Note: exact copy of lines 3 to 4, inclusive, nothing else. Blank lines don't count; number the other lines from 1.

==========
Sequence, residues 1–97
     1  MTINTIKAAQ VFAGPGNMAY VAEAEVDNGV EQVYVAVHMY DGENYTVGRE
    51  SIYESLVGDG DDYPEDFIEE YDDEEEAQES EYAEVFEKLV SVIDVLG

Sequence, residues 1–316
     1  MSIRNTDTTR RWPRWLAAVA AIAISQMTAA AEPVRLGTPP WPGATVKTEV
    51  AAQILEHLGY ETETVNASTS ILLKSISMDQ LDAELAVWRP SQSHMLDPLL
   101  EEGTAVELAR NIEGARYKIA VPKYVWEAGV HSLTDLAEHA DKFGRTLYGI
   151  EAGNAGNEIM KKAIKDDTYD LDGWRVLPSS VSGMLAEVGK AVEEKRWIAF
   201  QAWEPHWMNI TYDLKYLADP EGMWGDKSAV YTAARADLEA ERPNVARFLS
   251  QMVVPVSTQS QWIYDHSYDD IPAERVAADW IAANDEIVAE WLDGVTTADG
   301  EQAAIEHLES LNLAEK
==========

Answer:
    51  SIYESLVGDG DDYPEDFIEE YDDEEEAQES EYAEVFEKLV SVIDVLG

Sequence, residues 1–316